Characterization of sediment transport upstream and downstream from Lake Emory on the Little Tennessee River near Franklin, North Carolina, 2014–15
Federal, State, and local agencies and organizations have expressed concerns regarding the detrimental effects of excessive sediment transport on aquatic resources and endangered species populations in the upper Little Tennessee River and some of its tributaries. In addition, the storage volume of Lake Emory, which is necessary for flood control and power generation, has been depleted by sediment deposition. To help address these concerns, a 2-year study was conducted in the upper Little Tennessee River Basin to characterize the ambient suspended-sediment concentrations and suspended-sediment loads upstream and downstream from Lake Emory in Franklin, North Carolina. The study was conducted by the U.S. Geological Survey in cooperation with Duke Energy. Suspended-sediment samples were collected periodically, and time series of stage and turbidity data were measured from December 2013 to January 2016 upstream and downstream from Lake Emory. The stage data were used to compute time-series streamflow. Suspended-sediment samples, along with time-series streamflow and turbidity data, were used to develop regression models that were used to estimate time-series suspended-sediment concentrations for the 2014 and 2015 calendar years. These concentrations, along with streamflow data, were used to compute suspended-sediment loads. Selected suspended-sediment samples were collected for analysis of particle-size distribution, with emphasis on high-flow events. Bed-load samples were also collected upstream from Lake Emory.
The estimated annual suspended-sediment loads (yields) for the upstream site for the 2014 and 2015 calendar years were 27,000 short tons (92 short tons per square mile) and 63,300 short tons (215 short tons per square mile), respectively. The annual suspended-sediment loads (yields) for the downstream site for 2014 and 2015 were 24,200 short tons (75 short tons per square mile) and 94,300 short tons (292 short tons per square mile), respectively. Overall, the suspended-sediment load at the downstream site was about 28,300 short tons greater than the upstream site over the study period.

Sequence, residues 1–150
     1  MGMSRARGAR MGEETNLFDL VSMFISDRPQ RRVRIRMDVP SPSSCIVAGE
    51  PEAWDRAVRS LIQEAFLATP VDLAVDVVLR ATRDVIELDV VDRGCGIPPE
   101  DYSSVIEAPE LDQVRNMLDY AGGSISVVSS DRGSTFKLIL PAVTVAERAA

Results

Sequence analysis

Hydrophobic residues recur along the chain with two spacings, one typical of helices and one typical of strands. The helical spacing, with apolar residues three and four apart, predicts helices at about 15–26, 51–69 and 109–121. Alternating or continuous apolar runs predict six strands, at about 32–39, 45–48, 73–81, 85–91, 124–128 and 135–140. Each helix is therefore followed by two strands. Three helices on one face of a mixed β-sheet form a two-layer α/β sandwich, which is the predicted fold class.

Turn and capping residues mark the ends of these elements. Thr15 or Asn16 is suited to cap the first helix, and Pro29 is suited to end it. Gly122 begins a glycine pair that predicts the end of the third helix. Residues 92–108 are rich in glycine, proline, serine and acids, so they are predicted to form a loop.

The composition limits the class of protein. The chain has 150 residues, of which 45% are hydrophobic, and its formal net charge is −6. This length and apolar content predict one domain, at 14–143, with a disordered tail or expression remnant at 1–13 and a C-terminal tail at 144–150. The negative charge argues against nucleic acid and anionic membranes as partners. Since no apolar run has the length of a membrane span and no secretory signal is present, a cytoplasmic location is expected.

As expected, high-flow events (the top 5 percent of daily mean flows) accounted for the majority of the sediment load; 80 percent at the upstream site and 90 percent at the downstream site. A similar relation between turbidity (the top 5 percent of daily mean turbidity) and high loads was also noted. In general, when instantaneous streamflows at the upstream site exceeded 5,000 cubic feet per second, increased daily loads were computed at the downstream site. During low to moderate flows, estimated suspended-sediment loads were lower at the downstream site when compared to the upstream site, which suggests that sediment deposition may be occurring in the intervening reach during those conditions. During the high-flow events, the estimated suspended-sediment loads were higher at the downstream site; however, it is impossible to say with certainty whether the increase in loading was due to scouring of lake sediment, contributions from the additional source area, model error, or a combination of one or more of these factors. The computed loads for a one-week period (December 24–31, 2015), during which the two largest high-flow events of the study period occurred, were approximately 52 percent of the 2015 annual sediment load (36 percent of 2-year load) at the upstream site and approximately 72 percent of the 2015 annual sediment load (57 percent of 2-year load) at the downstream site. Six bedload samples were collected during three events; two high-flow events and one base-flow event. The contribution of bedload to the total sediment load was determined to be insignificant for sampled flows. In general, streamflows for long-term streamgages in the study area were below normal for the majority of the study period; however, flows during the last 3 months of the study period were above normal, including the extreme events during the last week of the study period.
Huffman, B.A., Hazell, W.F., and Oblinger, C.J., 2017, Characterization of sediment transport upstream and downstream from Lake Emory on the Little Tennessee River near Franklin, North Carolina, 2014–15: U.S. Geological Survey Scientific Investigations Report 2017–5081, 30 p., https://doi.org/10.3133/sir20175081.
ISSN: 2328-0328 (online)
Table of Contents
- Analysis of Observed and Historical Data
- Data-Collection Methods
- Data Analysis
- Summary and Conclusions
- References Cited
Additional publication details
|Publication Subtype||USGS Numbered Series|
|Title||Characterization of sediment transport upstream and downstream from Lake Emory on the Little Tennessee River near Franklin, North Carolina, 2014–15|
|Series title||Scientific Investigations Report|
|Publisher||U.S. Geological Survey|
|Publisher location||Reston, VA|
|Contributing office(s)||South Atlantic Water Science Center|
|Description||vii, 30 p.|
|Other Geospatial||Lake Emory; Tennessee River Basin|
|Online Only (Y/N)||Y|
|Additional Online Files (Y/N)||N|